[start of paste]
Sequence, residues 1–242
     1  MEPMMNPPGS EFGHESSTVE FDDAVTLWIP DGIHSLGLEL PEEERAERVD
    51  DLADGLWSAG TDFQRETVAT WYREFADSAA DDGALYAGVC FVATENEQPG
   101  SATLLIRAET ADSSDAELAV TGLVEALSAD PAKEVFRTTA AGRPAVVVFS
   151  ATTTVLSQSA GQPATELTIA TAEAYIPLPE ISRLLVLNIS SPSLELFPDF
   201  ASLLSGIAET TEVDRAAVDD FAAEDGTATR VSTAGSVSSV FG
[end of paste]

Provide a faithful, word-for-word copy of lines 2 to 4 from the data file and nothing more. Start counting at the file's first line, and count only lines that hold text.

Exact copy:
     1  MEPMMNPPGS EFGHESSTVE FDDAVTLWIP DGIHSLGLEL PEEERAERVD
    51  DLADGLWSAG TDFQRETVAT WYREFADSAA DDGALYAGVC FVATENEQPG
   101  SATLLIRAET ADSSDAELAV TGLVEALSAD PAKEVFRTTA AGRPAVVVFS